What happens when you put several skiers and snowboarders together, shuffle in three cool guides, one skilled photographer, a breath-taking setting, marvellous views of Mont Blanc and a cosy hut? Well, ask the latest participants to Isabelle Santoire’s recent venture, two days of Snow Awareness at the Bonatti Hut in outstanding Val Ferret in Italy.
The recipe is a tried-and-tested one: fun-loving folks plus good snow and sunny weather equal big smiles and a cheerful atmosphere. Still, we were not merely there to have fun. People joined the event because Isa is a lively lady, for sure, but we also wanted to learn about snow. Snow, what art thou? Well we all know it’s candid, fun to play with, but can also be treacherous and unforgiving. The core of the event was understanding snow: How do you set a track? What is the best way to reach your goal? Should you simply aim to go from A to B opting for the steepest option? Or follow your feet and your sense of direction? In the Aosta Valley, more than elsewhere, tracks tend to be steep and encourage speed, but you’ll need a strong stamina or love races to fully enjoy it.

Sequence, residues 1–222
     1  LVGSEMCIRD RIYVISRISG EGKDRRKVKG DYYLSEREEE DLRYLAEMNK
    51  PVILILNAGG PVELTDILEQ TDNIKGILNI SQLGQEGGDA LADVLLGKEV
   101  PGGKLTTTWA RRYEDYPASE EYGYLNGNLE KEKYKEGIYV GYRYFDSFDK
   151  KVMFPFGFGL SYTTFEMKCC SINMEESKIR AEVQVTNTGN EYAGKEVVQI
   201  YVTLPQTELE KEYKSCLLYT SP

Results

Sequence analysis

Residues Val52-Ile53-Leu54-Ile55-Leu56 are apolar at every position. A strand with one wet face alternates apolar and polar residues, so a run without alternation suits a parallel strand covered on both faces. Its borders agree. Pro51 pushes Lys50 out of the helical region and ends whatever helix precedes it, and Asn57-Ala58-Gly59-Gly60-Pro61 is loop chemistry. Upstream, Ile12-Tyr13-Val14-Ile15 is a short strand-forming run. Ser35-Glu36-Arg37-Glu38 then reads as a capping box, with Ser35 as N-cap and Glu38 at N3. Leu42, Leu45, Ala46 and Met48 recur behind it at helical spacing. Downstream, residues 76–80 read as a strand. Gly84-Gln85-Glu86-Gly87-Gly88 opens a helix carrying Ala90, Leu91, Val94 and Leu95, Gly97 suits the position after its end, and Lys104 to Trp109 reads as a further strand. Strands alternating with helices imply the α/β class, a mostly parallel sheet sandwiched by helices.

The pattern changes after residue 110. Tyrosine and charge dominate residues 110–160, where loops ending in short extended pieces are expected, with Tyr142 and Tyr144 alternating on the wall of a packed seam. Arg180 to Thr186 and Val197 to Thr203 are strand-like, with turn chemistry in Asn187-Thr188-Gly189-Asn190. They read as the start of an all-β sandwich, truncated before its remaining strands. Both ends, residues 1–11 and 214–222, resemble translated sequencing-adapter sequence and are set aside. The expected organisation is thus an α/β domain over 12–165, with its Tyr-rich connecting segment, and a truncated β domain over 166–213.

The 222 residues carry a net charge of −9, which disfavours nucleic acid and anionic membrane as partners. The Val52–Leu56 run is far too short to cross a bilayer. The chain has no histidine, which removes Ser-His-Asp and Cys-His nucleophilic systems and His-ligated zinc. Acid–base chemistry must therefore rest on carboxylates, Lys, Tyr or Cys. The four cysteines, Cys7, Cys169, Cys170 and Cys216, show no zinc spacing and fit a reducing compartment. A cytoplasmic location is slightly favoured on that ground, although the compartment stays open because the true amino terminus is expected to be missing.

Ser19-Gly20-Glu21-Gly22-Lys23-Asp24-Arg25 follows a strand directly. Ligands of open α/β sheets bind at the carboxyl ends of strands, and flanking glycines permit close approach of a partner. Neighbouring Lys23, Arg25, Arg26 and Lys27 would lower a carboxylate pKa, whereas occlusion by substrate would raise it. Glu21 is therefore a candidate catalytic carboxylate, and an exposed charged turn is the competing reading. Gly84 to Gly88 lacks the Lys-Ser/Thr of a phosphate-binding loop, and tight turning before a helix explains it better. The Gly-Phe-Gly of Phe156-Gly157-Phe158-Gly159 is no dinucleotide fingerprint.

Rick Marchant, snow expert and Chamonix-based mountain guide, revealed some tips and skills to make your outing smoother and more interesting. You need to be able to READ snow to make the most of it. What does this mean? Do you have to stop and make in-depth analysis, stratigraphy and all that jazz? Well, that is necessary sometimes, especially when the terrain looks and feels unsafe and there is an avalanche risk. Other times, however, a glance is all it takes to know that that particular patch of snow skies well. Aren’t we after a good time?
Quite clearly, however, the emphasis is set on safety on any such outing, so practice at searching beacons and using probes and shovels was also undertaken under the watchful eyes of Isa and Sam Beaugey, the other guide taking part in the event.
The most interesting evening talk was the AAA discussion, led by Rick: the three big As of snow awareness are Aspect – Angle – Altitude. Bear these three elements in mind and Bob’s your uncle. Consider, for instance, how high the sun is and what angle it will hit the slope you’re about to reach, think about the altitude and the snow level at a particular time of the year; consider the intensity of the wind and what direction it blows, if wind slabs have been recorded and what degree of humidity snow will possess; assess how many skiers are in your party and what weight you will bring on a particular slope. Well, these are only a few of the points you’ll have to consider when setting out on a ski touring walk, trying to make the most of your day and enjoying the run!
See you at the next event!
More info on Chamonix Momentum here
All pictures by Hugo Vincent Photography, except where stated otherwise.
The event was sponsored by Arc’teryx